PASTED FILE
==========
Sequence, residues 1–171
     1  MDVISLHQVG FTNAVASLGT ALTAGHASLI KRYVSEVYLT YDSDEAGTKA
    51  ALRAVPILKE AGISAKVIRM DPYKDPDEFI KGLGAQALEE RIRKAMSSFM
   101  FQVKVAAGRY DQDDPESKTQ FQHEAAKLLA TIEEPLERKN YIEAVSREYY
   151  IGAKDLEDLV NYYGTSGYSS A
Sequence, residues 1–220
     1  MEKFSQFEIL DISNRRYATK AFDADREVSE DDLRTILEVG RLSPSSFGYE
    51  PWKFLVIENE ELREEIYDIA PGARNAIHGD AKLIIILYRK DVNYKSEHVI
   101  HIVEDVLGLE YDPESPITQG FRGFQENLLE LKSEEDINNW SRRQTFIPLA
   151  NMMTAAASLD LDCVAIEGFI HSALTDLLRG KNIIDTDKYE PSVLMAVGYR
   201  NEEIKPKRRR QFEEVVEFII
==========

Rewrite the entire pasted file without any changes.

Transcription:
Sequence, residues 1–171
     1  MDVISLHQVG FTNAVASLGT ALTAGHASLI KRYVSEVYLT YDSDEAGTKA
    51  ALRAVPILKE AGISAKVIRM DPYKDPDEFI KGLGAQALEE RIRKAMSSFM
   101  FQVKVAAGRY DQDDPESKTQ FQHEAAKLLA TIEEPLERKN YIEAVSREYY
   151  IGAKDLEDLV NYYGTSGYSS A
Sequence, residues 1–220
     1  MEKFSQFEIL DISNRRYATK AFDADREVSE DDLRTILEVG RLSPSSFGYE
    51  PWKFLVIENE ELREEIYDIA PGARNAIHGD AKLIIILYRK DVNYKSEHVI
   101  HIVEDVLGLE YDPESPITQG FRGFQENLLE LKSEEDINNW SRRQTFIPLA
   151  NMMTAAASLD LDCVAIEGFI HSALTDLLRG KNIIDTDKYE PSVLMAVGYR
   201  NEEIKPKRRR QFEEVVEFII